Cayne, himself a sound bridge player, has recruited international-class professionals to form teams that have won more than a dozen North American championships. For example, he hired one American and four Italian world champions to win the Reisinger Board-a-Match Teams in November 2011, his sixth win in that teams-of-four competition. His bridge career as a sponsor and player has resulted in attaining the ranks of ACBL Grand Life Master and World Bridge Federation World Master. In the biennial Bermuda Bowl world championship teams, his 1995 team USA1 —one of two that represented the United States, a unique status— finished ninth, (the lowest U.S. finish in the sixty-year history of the event), while Team USA2 placed first. In March 2002, a new daily newspaper, The New York Daily Sun, announced that Cayne would be contributing a bridge column.[clarification needed]
United States Bridge Championships (1)
Other notable wins:
United States Bridge Championships (1)
Other notable 2nd places:
- Kate Kelly (November 1, 2007). "Bear CEO's Handling Of Crisis Raises Issues". Wall Street Journal.
- BBC staff (March 28, 2008). "Bear Stearns chairman sells stake". BBC News.
- Landon Thomas, Jr. (March 28, 2003). "Distinct Culture at Bear Stearns Helps It Surmount a Grim Market". New York Times.
- Onaran, Yalman; Keoun Bradley (January 8, 2008). "Cayne to Step Down as Bear Stearns CEO, Person Says". Bloomberg News.
- Roose, Kevin (2014). Young Money: Inside the Hidden World of Wall Street's Post-Crash Recruits. London, UK: John Murray (Publishers), An Hachette UK Company. p. 206. ISBN 978-1-47361-161-0.
- Allen R. Myerson (July 14, 1993). "Careful Player Moves Closer To the Top at Bear Stearns". New York Times.
- "#384 James Cayne". Forbes 400 (2005). Reprinted online under "The Forbes 400: The Richest People in America" (2012) without index to previous annual lists. Retrieved 2013-01-28.
- "The Bad Boys Of Bear Stearns: Where Are They Now?". Business Insider. Retrieved 20 June 2013.
- Cohan, William D. (2009). House of Cards. New York: Anchor Books. p. 121. ISBN 978-07679-3089-5.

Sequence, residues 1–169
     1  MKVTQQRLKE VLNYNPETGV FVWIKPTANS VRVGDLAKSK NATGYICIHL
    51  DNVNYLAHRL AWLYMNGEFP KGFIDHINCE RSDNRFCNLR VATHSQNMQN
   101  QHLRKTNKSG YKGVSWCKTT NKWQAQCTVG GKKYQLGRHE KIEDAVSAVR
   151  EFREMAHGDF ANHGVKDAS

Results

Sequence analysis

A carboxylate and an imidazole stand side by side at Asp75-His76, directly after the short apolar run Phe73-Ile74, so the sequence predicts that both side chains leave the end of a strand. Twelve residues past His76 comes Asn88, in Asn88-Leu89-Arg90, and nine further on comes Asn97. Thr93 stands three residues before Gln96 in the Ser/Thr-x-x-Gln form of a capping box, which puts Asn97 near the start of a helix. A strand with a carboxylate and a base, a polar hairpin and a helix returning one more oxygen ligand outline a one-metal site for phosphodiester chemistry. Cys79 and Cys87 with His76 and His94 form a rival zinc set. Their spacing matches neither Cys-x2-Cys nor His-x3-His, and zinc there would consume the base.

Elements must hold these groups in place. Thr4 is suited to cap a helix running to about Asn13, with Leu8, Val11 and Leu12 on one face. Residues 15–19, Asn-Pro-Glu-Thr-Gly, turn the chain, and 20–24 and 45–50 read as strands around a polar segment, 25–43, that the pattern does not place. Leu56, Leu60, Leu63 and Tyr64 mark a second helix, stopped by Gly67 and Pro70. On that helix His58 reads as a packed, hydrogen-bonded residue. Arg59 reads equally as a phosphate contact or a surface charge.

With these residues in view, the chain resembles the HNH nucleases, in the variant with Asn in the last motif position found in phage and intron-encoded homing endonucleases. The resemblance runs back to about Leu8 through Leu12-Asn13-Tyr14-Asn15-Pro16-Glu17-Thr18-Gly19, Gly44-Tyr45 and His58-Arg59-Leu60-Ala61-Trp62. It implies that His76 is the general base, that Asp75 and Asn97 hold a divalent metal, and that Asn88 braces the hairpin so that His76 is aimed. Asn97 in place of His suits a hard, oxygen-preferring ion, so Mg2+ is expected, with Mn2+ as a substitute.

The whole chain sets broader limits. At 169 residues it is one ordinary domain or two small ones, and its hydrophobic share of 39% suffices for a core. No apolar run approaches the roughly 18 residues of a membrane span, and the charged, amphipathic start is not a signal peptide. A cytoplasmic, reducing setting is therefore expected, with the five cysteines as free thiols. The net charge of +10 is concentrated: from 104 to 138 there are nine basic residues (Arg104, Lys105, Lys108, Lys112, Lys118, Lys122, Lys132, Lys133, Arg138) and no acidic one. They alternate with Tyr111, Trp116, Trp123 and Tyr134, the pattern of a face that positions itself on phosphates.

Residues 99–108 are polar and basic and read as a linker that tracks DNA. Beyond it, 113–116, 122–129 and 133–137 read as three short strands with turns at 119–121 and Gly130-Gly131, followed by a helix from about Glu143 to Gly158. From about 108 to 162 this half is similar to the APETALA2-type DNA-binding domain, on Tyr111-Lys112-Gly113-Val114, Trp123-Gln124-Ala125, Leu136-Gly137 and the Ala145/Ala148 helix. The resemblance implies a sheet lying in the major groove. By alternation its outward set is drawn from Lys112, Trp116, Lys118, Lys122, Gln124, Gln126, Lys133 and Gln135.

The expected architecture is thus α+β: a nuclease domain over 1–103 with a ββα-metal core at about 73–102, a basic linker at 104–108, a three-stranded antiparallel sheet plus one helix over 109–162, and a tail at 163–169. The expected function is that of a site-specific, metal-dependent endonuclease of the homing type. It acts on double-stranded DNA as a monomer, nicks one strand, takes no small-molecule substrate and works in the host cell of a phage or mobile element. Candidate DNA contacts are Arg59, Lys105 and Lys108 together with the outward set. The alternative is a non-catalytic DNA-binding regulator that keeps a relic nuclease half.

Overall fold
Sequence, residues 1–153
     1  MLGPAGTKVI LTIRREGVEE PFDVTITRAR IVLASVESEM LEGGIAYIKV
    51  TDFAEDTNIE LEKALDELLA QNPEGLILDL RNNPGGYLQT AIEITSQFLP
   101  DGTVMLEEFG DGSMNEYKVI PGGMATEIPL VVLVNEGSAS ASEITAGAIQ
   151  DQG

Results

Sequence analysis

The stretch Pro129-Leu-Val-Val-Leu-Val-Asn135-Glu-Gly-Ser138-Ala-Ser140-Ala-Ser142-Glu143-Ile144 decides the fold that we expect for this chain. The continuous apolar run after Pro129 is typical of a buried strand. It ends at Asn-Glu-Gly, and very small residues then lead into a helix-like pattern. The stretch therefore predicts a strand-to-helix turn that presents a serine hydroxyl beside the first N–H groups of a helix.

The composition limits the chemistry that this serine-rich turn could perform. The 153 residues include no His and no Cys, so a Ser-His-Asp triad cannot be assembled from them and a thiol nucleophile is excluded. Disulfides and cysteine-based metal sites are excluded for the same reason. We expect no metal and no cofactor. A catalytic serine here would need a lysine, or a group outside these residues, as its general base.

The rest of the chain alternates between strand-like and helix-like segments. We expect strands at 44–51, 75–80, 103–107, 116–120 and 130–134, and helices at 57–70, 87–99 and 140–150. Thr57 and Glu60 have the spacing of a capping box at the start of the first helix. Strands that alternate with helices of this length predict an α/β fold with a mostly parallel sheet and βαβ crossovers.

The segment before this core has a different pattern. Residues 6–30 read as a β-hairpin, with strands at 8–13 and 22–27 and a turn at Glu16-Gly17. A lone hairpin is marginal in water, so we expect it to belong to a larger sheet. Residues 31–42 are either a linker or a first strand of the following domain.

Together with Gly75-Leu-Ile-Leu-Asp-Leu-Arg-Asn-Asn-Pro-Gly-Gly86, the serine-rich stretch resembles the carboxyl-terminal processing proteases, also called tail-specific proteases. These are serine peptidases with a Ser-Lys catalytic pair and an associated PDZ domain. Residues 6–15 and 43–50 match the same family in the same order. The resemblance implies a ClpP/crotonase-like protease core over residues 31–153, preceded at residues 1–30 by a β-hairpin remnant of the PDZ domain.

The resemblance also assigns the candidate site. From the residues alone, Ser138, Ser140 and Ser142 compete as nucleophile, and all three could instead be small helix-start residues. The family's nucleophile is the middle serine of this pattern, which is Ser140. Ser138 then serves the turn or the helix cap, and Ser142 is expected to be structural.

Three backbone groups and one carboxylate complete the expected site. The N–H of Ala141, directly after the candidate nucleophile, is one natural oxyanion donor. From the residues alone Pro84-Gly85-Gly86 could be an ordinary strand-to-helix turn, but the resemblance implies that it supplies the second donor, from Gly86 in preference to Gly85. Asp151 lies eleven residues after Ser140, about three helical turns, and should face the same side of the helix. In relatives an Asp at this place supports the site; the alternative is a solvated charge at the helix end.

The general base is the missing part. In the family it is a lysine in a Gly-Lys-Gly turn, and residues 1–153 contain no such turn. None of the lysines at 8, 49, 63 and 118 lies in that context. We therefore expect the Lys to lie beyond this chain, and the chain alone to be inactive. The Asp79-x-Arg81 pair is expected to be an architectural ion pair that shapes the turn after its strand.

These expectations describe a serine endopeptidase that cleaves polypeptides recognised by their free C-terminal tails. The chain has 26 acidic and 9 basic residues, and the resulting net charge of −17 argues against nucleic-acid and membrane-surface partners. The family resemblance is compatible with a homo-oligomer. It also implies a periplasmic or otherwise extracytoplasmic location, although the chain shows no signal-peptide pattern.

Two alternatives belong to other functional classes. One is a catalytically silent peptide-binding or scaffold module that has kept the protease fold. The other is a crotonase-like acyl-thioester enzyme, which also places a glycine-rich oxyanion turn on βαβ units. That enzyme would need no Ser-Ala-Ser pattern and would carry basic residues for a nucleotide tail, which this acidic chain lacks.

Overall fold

- David Ellis (March 27, 2008). "Bear Stearns' Cayne sells over $60M in stock". CNNMoney.com. Archived from the original on March 27, 2008.
- "25 People to Blame for the Financial Crisis". Time. February 11, 2009. Retrieved 27 March 2013.
- Fortune: "The rise and fall of Jimmy Cayne - Last summer he was worth $1.6 billion on paper. Then he nearly died and Bear Stearns collapsed." By William D. Cohan August 25, 2008
- New York Times: "Home and Hearth, Deluxe Edition" By JULIE SATOW April 25, 2013
- New York Times: "Once Around the Block, James, and Pick Me Up After My Nap" by ERIC KONIGSBERG January 24, 2007
- Cathy Horyn (December 13, 2012). "What's a Store For?". The New York Times.
- Landon Thomas, Jr. (June 29, 2007). "Salvaging a Prudent Name". New York Times.
- "Cayne dominates in Reisinger Repeat Victory". ACBL.
(Here "Cayne" is the name of the team.)
- "ACBL Grand Life Masters". ACBL.
- "Jimmy CAYNE". World Bridge Federation: People. WBF.
- "32nd World Team Championships: Results & Participants", 1995. World Bridge Federation.
- Patrick McGeehan (March 24, 2002). "Private Sector; Call Him a Specialist In Bridge Financing". New York Times.
- Heidi N. Moore (March 4, 2009). "Bear Stearns’ Jimmy Cayne’s Profane Tirade Against Treasury’s Geithner". WSJ Blogs: Deal Journal. The Wall Street Journal. Retrieved 2013-01-29. —primarily excerpts from William D. Cohan, House of Cards: A Tale of Hubris and Wretched Excess on Wall Street (Doubleday, March 2009).